Recent PSC Publication Abstracts

Below are the 10 most recent additions to the PSC publication collection.

Kowalski, Amanda. 2018. "Biology Meets Behavior in a Clinical Trial: Two Relationships between Mortality and Mammogram Receipt." PSC Research Report No. 18-892. 9 2018. Abstract. PDF.

I unite the medical and economics literatures by examining relationships between biology and behavior in a clinical trial. Specifically, I identify relationships between mortality and mammogram receipt using data from the Canadian National Breast Screening Study, an influential clinical trial on mammograms. I find two important relationships. First, I find heterogeneous selection into mammogram receipt: women more likely to receive mammograms are healthier. This relationship follows from a marginal treatment effect (MTE) model that assumes no more than the local average treatment effect (LATE) assumptions. Second, I find treatment effect heterogeneity along the mammogram receipt margin: women more likely to receive mammograms are more likely to be harmed by them. This relationship follows from an ancillary assumption that builds on the first relationship. My findings contribute to the literature concerned about harms from mammography by demonstrating variation across the mammogram receipt margin. This variation poses a challenge for current mammography guidelines for women in their 40s, which unintentionally encourage more
mammograms for healthier women who are more likely to be harmed by them.

Kowalski, Amanda. 2018. "How to Examine External Validity within an Experiment." PSC Research Report No. 18-891. 8 2018. Abstract. PDF.

A fundamental concern for researchers who analyze and design experiments is that the experimental result might not be externally valid for all policies. Researchers often attempt to assess external validity by comparing data from an experiment to external data. In this essay, I discuss approaches from the treatment effects literature that researchers can use to begin the examination of external validity internally, within the data from a single experiment. I focus on presenting the approaches simply using figures.

Fisher, Jonathan, David S. Johnson, Timothy S. Smeeding, and Jeffrey Thompson. 2018. "The Demography of Inequality: Income, Wealth and Consumption, 1989-2016." PSC Research Report No. 18-890. 7 2018. Abstract. PDF.

Inequality differentially affects demographic groups, and the socioeconomic measure we use matters quite a lot when understanding how inequality differentially affects demographic groups. We examine the demography of inequality using age, race, education, and family type for children, and we show how the demography of inequality depends on the resource measure used: income, consumption, or wealth. Children and the elderly are worse off than non-elderly adults in income terms, but only children and their parents are increasingly and disproportionately found in the lower reaches of the wealth and consumption distributions. For some groups, all lenses show the same picture, as children in single parent households, blacks, and those with less than a high school education are worse off in terms of all resource measures - income, wealth or consumption.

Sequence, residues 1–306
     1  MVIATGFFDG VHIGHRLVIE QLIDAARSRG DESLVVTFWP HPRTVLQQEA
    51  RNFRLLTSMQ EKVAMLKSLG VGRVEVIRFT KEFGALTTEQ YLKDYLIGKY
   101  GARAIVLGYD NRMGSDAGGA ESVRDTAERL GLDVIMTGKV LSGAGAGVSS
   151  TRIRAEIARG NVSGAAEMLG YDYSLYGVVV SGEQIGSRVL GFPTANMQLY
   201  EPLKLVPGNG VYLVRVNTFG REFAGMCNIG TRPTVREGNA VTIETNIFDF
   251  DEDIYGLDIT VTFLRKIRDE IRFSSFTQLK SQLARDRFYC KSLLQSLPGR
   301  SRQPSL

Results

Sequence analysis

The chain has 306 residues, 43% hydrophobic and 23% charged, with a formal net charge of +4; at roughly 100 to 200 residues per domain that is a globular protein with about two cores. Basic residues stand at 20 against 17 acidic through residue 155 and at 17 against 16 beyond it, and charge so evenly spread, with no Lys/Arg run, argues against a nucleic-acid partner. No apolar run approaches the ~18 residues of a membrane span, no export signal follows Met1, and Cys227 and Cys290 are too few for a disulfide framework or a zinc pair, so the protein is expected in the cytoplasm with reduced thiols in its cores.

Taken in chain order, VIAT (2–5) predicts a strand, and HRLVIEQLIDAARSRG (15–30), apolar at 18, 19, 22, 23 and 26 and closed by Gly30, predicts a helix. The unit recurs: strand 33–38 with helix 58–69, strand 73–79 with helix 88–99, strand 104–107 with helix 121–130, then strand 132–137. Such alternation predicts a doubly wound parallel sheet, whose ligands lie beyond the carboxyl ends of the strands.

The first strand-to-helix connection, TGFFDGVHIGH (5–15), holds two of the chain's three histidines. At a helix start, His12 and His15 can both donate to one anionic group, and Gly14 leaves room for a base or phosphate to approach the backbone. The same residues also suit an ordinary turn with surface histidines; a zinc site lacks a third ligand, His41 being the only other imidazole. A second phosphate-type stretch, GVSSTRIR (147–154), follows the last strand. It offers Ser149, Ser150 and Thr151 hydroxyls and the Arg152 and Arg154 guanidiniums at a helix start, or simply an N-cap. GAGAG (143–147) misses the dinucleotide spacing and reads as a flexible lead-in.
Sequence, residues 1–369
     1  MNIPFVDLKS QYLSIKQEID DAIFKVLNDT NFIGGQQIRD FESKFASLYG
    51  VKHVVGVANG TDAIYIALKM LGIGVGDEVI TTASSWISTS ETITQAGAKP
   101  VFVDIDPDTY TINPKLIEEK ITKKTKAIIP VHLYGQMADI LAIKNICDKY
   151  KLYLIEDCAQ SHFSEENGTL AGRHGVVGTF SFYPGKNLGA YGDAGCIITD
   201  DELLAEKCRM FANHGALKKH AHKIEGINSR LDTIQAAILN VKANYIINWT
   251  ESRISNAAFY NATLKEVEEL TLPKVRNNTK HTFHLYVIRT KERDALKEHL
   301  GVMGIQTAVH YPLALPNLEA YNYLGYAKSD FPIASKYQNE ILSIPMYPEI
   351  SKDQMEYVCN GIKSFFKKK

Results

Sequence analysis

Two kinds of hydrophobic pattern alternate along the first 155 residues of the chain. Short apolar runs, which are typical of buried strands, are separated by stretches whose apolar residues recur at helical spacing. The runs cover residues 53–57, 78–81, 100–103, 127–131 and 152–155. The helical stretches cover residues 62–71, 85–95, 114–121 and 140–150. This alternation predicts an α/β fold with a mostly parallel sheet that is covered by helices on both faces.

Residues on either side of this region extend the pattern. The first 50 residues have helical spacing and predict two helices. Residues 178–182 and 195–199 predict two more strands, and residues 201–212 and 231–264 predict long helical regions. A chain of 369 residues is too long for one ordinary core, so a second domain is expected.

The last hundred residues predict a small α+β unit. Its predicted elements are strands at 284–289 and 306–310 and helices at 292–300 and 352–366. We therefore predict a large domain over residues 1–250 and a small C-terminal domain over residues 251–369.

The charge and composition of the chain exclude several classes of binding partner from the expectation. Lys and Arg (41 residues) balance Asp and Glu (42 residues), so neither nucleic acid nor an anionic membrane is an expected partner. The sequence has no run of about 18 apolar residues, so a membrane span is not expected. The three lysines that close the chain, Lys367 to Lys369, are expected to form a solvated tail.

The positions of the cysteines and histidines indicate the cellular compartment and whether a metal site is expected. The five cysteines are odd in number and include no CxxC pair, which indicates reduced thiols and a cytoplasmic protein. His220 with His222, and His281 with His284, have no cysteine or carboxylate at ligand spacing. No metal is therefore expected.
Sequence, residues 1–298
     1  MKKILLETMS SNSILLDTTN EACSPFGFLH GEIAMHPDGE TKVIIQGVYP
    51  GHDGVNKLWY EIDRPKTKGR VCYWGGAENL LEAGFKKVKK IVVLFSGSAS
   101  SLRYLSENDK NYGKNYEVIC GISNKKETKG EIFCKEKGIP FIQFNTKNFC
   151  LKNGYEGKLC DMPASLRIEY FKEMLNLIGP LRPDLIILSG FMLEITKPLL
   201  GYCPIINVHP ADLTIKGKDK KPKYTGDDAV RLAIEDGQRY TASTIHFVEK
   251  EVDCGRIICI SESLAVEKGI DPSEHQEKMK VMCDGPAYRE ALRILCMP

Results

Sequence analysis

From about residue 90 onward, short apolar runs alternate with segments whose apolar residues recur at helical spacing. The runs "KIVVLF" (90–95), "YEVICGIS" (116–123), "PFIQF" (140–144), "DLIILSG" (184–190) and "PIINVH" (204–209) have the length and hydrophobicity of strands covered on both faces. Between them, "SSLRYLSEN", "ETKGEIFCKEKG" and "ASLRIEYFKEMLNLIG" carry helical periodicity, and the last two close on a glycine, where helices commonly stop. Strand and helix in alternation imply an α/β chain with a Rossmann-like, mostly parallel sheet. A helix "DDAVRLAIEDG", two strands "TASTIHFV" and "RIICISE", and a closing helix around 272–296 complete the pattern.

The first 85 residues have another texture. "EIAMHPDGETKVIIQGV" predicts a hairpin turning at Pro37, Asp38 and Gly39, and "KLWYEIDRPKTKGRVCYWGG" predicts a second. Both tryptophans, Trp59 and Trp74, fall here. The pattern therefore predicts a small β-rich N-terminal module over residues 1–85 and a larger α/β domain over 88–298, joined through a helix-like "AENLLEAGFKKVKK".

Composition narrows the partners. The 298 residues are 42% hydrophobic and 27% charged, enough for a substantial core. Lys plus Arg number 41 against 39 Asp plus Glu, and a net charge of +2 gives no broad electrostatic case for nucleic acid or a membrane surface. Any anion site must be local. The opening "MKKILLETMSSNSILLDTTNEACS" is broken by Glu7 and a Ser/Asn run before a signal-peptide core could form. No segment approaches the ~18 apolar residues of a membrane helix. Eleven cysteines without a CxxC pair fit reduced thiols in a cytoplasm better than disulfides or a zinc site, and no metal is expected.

Johnson, David S., Robert F. Schoeni, Laura Tiehen, and Jennifer Cornman. 2018. "Assessing the Effectiveness of SNAP by Examining Extramarginal Participants." PSC Research Report No. 18-889. 4 2018. Abstract. PDF.

A primary objective of in-kind transfer programs is to promote the consumption of specific goods. Standard economic theory implies that the program's ability to achieve this objective depends critically on the proportion of recipients whose spending on the good is limited to the amount of the in-kind transfer, i.e., they are extramarginal. For these families, an increase in benefits will translate into an equal sized increase in consumption of the good. We find that roughly 30% of participants in SNAP are extramarginal, which is larger than previous estimates and implies in-kind benefits provided through SNAP promote food consumption. Furthermore, very low income SNAP families are much more likely to be extramarginal, and extramarginal families have extremely low income and are nearly five times more likely to be food insecure than families not on SNAP, implying that families are extramarginal not because their food needs are fully met by SNAP, but because their income is so low.

Mehta, Neil, and Hui Zheng. 2018. "Do the effects of major risk factors for mortality rise or fall with age?" PSC Research Report No. 18-888. 2 2018. Abstract. PDF.